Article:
Managing the Fraud Risks of 21st Century Technology


James D. Ratley, CFE
ACFE President and CEO

Today's businesses and governments rely heavily on exchanging computer data files to inexpensively collaborate on projects anytime, anywhere. The basic ingredients — widely used applications and 24/7 global connectivity — have long been cobbled together to gain limited, but important, advantages. For nearly two decades, we have run our favorite software on stand-alone or networked PCs and emailed our data files to colleagues around the world.

However, the game is changing. Organizations can now cut costs and reduce maintenance responsibilities by storing and using their data via various offsite "cloud computing" options offered by hundreds of new and established companies.

Besides providing worldwide file creation and sharing without having to use email or a company network, the cloud allows companies to "rent" only the applications, processing power and computing infrastructure they need today and reduce their consumption with minimal losses whenever it suits them.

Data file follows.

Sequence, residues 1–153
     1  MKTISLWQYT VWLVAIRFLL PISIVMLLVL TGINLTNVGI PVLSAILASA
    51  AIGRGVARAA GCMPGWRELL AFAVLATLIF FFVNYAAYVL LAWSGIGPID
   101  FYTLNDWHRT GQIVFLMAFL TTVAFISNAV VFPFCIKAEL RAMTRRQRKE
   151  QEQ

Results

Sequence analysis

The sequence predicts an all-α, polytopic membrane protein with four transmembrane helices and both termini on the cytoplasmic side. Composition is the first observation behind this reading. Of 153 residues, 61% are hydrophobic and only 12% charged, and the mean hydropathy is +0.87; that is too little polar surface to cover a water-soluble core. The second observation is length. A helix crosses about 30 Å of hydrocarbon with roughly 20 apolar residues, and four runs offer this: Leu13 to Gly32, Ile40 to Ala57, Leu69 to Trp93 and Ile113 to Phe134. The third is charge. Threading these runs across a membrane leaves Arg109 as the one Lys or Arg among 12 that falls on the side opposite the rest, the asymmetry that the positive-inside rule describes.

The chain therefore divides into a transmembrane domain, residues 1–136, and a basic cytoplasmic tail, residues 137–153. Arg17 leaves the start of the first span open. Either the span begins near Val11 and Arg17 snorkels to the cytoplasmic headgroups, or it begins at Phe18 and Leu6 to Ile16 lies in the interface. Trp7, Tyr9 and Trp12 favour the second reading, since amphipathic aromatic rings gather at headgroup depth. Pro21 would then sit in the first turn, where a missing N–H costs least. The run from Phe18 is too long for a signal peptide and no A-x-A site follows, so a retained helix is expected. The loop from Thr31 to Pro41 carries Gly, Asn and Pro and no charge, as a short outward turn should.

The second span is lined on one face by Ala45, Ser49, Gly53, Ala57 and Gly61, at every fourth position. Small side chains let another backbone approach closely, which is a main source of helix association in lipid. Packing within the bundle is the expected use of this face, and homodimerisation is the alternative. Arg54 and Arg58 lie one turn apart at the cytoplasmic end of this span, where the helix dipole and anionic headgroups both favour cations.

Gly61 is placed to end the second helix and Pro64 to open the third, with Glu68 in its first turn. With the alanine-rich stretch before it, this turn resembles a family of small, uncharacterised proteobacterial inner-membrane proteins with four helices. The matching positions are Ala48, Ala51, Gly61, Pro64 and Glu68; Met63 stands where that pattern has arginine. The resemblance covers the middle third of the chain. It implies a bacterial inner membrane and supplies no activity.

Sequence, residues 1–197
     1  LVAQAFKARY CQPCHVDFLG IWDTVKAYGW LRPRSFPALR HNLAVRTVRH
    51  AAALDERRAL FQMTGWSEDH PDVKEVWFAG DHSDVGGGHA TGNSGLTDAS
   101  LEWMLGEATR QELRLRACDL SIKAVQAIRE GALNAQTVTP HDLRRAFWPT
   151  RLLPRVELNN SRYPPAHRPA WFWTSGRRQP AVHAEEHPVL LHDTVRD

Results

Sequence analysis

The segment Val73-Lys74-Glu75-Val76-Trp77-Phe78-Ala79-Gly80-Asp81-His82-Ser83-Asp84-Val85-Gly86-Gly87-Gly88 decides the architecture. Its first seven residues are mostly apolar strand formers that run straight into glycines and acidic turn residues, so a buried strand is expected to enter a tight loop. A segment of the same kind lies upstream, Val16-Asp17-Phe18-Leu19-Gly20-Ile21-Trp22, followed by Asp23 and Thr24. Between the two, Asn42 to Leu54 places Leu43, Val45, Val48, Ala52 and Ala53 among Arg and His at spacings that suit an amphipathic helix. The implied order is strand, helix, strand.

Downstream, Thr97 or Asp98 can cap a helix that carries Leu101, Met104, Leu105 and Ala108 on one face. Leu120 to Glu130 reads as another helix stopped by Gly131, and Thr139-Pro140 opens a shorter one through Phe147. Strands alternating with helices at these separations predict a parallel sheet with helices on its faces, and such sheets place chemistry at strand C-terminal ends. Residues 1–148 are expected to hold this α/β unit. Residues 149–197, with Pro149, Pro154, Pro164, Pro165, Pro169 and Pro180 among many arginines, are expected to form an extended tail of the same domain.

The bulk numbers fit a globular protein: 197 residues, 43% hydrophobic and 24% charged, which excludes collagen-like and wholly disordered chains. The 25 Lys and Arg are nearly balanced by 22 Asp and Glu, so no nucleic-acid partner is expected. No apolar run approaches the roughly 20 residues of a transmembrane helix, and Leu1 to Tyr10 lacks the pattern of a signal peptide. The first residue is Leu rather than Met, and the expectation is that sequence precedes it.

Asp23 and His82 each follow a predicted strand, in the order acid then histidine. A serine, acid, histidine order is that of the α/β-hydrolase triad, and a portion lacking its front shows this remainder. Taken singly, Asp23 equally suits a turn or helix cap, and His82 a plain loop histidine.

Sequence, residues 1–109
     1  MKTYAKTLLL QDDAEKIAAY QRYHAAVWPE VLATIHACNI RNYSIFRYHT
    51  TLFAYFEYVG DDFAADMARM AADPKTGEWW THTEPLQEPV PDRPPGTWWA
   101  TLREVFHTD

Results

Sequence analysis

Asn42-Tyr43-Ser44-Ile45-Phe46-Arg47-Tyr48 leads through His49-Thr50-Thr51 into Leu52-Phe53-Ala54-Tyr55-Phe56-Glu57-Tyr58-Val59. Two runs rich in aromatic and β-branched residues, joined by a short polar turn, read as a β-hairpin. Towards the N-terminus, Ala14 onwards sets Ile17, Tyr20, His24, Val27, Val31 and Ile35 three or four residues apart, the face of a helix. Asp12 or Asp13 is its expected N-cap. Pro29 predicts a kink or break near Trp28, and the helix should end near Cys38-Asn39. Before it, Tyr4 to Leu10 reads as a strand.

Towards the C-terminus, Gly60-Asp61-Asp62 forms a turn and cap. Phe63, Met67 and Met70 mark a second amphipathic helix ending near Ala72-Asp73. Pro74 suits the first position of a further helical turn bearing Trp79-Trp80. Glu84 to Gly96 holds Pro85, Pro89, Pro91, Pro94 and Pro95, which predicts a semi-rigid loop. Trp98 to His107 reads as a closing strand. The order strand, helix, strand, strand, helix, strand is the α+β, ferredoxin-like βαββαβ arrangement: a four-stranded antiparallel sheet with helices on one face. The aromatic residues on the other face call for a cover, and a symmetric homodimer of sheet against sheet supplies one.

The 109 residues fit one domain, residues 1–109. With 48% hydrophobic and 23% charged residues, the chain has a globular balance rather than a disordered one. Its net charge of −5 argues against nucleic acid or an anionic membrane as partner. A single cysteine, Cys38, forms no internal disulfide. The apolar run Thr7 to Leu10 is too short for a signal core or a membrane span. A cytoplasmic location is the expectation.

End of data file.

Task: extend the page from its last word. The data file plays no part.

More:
Even so, the numerous operational and cost advantages of doing business in the cloud come with a corresponding array of disadvantages for CFEs. For example, it is often difficult to maintain chains of custody over evidence in the cloud's diverse virtual computing environment. As ACFE Faculty Member Walt Manning, CFE, recently wrote in Fraud Magazine, "The legal, digital forensics and e-discovery communities must revamp their mindsets, tools and training programs to address the new challenges presented by cloud computing." ("Investigating in the Clouds: Cloud Computing Shakes Up Examination Process.")

Read the full "Letter from the President" in the September/October issue of Fraud Magazine.